Now that the weather is finally more like a velvet glove than an iron fist, many residents of the Castles and beyond truly look forward to enjoying nature’s benevolence at one of our area’s farmers markets.
At press time, local market directors spoke to us about a variety of new offerings planned to expand and improve upon what’s available this year.
Chappaqua Farmers Market, Saturdays 8:30 a.m. to 1 p.m., at the train station. Pascale Le Draoule, market director, said there will be even more of a focus on certified organic growers this year. “We actually had five produce vendors and one of our conventional produce vendors was not doing very well and decided to leave. We saw that as a very strong message,” La Draoule said. New vendors include Sun Sprout Farm, a certified organic grower from New York’s black dirt country and Caradonna Farms, an orchard with “a dizzying array of fruits.”
Shoppers can also look forward to Dacha Fermented Veggies and SweetHearth Bake Shop, “a new gluten-free baker who does very interesting things, using cauliflower and local fruits and vegetables. She’s very creative and everything she makes is beautiful.” The Carbon Chocolate Workshop will also be new to the market, offering organic chocolate, and Temima’s Bakery from Pound Ridge also. “There will be a lot more gluten-free at the market this year, a lot more fruit, more certified organic,” Rosseau said. “We always have cool activities for kids.” Also expect cooking demos on-site.
Ossining Farmers Market, Saturdays 8:30 a.m. to 1 p.m., the parking lot at Spring and Main. Community members will have more prepared food options this year at Ossining’s market, Dacotah Rosseau, marketing and communications manager, said, and more space to enjoy them too in an expanded, umbrella-shaded seating area. “People can buy a meal to take home or eat right here,” Rosseau said.
Sunset View Farm, a nose-to-tail operation, will offer grilled meats and rotisserie chickens. “We’ve got a really neat bakery out of New York City,” Rosseau added. Called Kouklet, the microbakery will offer sweet and savory Brazilian pastries. There will also be a new olive oil company, BulI, that sells estate-grown unfiltered extra virgin olive oil from Italy. The market also usually features music and occasionally hosts kids’ activities.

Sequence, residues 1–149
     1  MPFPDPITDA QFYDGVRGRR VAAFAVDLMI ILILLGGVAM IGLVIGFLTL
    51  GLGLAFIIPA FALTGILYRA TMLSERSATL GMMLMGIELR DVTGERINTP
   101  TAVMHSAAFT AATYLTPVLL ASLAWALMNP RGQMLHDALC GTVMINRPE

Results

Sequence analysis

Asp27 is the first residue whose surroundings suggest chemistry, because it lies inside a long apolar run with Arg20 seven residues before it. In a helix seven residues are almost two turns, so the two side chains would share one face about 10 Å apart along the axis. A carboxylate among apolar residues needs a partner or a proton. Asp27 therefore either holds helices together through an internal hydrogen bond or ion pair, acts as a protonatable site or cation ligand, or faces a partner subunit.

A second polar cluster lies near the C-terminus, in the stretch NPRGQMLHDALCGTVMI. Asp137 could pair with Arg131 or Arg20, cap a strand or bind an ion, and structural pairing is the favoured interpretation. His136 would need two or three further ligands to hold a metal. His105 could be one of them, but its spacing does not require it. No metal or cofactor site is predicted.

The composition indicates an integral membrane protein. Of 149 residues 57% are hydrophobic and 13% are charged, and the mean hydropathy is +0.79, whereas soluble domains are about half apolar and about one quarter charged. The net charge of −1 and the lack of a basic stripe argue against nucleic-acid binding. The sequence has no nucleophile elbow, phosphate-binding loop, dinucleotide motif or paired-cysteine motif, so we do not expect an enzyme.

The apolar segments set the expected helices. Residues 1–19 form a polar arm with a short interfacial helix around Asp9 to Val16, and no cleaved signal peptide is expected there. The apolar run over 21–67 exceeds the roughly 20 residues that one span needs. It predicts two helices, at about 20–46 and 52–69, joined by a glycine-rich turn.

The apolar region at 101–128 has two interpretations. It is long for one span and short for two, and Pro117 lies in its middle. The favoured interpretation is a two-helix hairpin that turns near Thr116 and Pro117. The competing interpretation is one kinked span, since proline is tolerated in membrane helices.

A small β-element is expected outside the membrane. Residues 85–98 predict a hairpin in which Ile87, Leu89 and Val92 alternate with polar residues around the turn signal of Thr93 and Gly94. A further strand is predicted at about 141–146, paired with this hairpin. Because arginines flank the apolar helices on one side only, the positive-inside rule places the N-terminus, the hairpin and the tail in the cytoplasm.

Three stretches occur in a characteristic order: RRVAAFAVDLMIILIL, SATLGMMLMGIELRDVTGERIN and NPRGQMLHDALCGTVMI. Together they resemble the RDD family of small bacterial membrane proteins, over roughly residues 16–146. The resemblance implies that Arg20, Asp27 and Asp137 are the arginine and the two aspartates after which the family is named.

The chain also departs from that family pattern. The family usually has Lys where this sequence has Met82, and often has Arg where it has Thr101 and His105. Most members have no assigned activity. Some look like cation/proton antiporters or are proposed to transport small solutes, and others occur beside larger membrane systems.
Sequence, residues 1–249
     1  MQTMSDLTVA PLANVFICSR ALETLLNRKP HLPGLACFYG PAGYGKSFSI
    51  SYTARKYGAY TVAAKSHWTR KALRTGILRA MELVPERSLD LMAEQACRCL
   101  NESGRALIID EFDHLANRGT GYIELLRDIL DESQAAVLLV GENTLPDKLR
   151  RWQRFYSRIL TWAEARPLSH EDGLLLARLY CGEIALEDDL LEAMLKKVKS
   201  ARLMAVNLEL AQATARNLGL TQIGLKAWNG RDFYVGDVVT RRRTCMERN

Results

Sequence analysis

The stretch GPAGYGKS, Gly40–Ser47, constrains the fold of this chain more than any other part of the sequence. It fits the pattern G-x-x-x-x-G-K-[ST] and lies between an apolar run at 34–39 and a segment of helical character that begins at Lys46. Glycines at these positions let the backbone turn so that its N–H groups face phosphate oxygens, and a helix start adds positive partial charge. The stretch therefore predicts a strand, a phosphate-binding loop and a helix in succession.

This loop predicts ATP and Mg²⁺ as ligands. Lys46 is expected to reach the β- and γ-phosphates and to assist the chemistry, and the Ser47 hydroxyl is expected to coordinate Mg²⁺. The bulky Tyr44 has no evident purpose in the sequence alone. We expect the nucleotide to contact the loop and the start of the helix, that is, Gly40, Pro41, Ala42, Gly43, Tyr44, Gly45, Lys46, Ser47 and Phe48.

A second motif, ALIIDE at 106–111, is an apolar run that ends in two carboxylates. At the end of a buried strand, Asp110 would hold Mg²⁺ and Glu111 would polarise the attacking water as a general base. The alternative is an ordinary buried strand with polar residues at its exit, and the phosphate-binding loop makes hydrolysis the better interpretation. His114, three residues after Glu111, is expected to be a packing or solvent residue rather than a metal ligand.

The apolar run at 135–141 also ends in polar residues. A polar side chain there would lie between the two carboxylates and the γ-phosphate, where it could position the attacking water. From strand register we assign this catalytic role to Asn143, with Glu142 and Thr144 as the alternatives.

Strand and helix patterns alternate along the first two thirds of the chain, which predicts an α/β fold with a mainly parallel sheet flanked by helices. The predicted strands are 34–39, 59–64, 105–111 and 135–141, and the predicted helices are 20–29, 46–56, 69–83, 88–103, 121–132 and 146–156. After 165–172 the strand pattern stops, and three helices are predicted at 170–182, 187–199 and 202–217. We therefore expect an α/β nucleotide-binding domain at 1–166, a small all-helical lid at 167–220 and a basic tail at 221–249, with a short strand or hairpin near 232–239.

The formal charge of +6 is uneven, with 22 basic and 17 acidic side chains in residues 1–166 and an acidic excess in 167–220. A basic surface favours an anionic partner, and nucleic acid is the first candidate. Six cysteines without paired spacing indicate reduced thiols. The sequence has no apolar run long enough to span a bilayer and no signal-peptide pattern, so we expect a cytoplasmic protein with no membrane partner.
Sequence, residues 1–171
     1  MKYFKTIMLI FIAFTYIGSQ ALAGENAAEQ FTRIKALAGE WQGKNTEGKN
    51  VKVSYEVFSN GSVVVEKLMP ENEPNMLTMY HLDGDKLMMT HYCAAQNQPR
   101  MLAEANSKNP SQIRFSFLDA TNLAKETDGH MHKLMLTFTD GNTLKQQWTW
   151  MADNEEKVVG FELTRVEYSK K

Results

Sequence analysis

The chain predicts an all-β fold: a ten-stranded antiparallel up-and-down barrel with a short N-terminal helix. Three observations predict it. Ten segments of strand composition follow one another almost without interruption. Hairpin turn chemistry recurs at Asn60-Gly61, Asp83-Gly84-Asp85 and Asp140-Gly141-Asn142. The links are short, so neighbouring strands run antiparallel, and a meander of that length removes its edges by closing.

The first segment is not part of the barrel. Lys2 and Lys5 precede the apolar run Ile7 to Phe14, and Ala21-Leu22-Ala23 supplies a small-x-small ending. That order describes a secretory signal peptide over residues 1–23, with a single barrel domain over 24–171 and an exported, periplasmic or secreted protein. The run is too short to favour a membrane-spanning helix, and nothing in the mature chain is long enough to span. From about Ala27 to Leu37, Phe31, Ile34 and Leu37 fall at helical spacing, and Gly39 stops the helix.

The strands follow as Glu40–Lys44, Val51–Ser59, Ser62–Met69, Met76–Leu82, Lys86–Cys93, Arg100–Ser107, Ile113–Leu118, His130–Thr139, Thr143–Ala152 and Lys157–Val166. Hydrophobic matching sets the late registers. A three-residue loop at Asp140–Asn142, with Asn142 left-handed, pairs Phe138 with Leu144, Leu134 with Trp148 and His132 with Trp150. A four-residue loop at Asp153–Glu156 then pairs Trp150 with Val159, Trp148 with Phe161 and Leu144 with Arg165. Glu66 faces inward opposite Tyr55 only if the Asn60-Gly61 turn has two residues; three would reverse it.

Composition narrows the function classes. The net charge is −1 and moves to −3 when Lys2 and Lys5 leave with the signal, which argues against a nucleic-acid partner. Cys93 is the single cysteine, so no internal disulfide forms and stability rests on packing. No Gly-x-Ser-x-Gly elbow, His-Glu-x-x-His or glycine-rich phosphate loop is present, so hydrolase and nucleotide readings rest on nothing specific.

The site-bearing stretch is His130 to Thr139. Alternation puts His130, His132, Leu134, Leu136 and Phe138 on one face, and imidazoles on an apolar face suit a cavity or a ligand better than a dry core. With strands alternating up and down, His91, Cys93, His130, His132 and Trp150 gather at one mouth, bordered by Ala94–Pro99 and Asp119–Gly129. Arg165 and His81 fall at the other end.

Pleasantville Farmers Market, Saturdays 8:30 a.m. to 1 p.m. at Memorial Plaza next to the train station (closed for Pleasantville Day, Saturday, May 19). New this year in early June is Morgiewicz Produce, a fourth-generation family farm from Goshen that will offer Asian greens, calaloo, kohlrabi, lettuces and more. There are more than 65 events planned, from music to magic to talks and a book signing. Stuart Vance, vice-chair of Foodchester, which runs the market, said: “Shoppers appreciate the market’s entertaining, positive vibe.”
If Saturday slips away without an uplifting morning trip to the market, the Muscoot Farmers Market at 51 Route 100 in Katonah, located on the Albert B. Delbello Muscoot Farm, is open on Sundays from 9:30 a.m. to 2:30 p.m. starting May 14. Any kids in tow will love the chance to see the historic farm’s many animals, and currently 30 vendors are showcased on the market’s website.